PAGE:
I linked to an article explaining that point, which includes the source and evidence.

Especially during the deep glacial periods of the ice age, which was most of the last 1 million years, humans sustained themselves almost entirely on meat.

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barry-cotter on Oct 18, 2021 | root | parent | next [–]


Most hominids during most of this period lived outside Northern Eurasia and would have had ample motivation and opportunity to eat plant foods. If you were talking about Neanderthals you would have a point.

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TheSpiceIsLife on Oct 17, 2021 | root | parent | prev | next [–]


When you say “meat” you probably mean all the edible parts of an animal, organs meat.

Then I would probably agree.

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rsj_hn on Oct 17, 2021 | root | parent | next [–]


Yeah, when we talk of traditional societies eating meat, it wasn't just ribeye and potatoes. Liver, bone marrow, brains -- all of that was consumed and these contain a lot of nutrition that you don't replicate with a steady diet of filet mignon. It's a shame how Americans no longer eat liver.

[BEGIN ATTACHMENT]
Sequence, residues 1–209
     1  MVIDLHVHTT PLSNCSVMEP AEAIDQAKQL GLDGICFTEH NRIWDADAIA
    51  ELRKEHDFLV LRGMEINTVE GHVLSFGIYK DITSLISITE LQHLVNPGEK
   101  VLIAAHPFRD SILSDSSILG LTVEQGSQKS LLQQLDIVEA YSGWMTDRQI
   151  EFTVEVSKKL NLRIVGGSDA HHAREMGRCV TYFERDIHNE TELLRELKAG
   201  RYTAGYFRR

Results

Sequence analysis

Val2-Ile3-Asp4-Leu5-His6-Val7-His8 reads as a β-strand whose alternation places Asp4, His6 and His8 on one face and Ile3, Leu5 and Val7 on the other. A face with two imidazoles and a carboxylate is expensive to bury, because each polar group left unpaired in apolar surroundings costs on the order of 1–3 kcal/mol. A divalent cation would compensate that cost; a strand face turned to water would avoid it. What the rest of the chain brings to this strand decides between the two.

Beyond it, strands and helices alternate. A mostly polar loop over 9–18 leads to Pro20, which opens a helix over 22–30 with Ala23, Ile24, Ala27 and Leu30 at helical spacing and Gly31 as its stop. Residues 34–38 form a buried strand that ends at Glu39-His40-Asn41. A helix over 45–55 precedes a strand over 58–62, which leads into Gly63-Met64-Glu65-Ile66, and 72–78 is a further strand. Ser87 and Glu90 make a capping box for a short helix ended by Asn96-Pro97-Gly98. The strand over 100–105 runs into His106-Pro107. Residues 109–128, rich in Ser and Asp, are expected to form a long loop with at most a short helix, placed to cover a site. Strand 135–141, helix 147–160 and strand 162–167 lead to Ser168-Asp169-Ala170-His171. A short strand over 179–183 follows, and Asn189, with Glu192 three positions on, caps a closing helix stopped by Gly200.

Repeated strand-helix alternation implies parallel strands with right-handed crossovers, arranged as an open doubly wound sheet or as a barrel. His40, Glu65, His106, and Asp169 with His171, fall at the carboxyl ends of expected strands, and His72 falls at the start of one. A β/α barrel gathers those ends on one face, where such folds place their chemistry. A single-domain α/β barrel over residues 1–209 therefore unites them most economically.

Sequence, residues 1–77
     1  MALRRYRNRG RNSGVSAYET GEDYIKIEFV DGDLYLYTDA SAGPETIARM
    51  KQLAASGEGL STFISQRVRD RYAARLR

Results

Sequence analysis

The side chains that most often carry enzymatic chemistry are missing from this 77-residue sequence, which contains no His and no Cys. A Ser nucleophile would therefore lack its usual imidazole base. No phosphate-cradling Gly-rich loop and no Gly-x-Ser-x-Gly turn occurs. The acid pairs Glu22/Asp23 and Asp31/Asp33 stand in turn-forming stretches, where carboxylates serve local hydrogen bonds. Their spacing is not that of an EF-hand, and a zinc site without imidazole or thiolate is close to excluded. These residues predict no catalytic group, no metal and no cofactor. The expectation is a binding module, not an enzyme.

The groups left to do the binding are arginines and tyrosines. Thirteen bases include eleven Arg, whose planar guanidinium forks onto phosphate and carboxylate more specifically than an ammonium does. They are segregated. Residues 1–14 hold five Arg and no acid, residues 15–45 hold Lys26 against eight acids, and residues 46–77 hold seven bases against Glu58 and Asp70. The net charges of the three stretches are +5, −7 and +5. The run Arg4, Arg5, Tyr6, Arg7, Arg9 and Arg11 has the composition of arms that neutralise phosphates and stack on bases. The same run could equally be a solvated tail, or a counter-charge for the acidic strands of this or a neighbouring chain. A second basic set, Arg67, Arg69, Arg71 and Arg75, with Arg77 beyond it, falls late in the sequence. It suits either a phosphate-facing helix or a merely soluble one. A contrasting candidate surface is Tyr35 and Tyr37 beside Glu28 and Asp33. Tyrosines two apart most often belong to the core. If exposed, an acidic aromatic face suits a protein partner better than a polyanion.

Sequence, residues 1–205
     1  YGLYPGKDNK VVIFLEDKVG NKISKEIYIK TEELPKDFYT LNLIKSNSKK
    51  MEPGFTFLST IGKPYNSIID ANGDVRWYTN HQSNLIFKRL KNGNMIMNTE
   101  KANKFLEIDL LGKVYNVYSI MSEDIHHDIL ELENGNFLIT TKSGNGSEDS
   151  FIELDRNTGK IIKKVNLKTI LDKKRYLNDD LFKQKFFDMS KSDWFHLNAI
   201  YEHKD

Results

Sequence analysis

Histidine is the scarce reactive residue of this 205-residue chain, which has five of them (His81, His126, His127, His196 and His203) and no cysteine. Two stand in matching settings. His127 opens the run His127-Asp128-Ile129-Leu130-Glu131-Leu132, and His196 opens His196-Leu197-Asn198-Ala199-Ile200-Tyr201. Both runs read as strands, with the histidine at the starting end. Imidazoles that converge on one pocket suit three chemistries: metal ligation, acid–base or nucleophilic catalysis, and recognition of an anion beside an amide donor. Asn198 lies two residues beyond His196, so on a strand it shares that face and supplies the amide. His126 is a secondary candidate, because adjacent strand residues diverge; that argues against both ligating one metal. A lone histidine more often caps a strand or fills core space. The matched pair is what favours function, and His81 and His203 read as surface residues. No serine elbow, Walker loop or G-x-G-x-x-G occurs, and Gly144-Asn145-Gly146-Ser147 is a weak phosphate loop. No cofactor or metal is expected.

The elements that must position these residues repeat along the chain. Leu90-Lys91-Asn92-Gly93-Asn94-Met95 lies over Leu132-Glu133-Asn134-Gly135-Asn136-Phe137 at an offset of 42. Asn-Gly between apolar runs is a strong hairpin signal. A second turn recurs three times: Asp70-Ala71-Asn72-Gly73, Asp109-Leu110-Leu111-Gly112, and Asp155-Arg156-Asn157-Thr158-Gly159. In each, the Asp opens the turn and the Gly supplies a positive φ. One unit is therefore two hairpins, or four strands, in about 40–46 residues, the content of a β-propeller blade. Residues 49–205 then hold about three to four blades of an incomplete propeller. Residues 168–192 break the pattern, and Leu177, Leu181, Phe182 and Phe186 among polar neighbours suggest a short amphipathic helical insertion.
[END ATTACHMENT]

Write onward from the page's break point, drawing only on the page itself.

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NoImmatureAdHom on Oct 17, 2021 | root | parent | prev | next [–]


Yep.

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i_am_proteus on Oct 17, 2021 | root | parent | prev | next [–]


Better potatoes than the flesh of a pastured ruminant?

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rffrancon on Oct 17, 2021 | prev | next [–]


"They did eat meat, of course, though the reliance on milk meant that beef was a rarity"

I find that hard to believe. Cows need to be pregnant to milk. Roughly half of their calves would be male. Which were primarily valuable as meat. Further, cows produce more milk than their calves require, which means calves could be matured.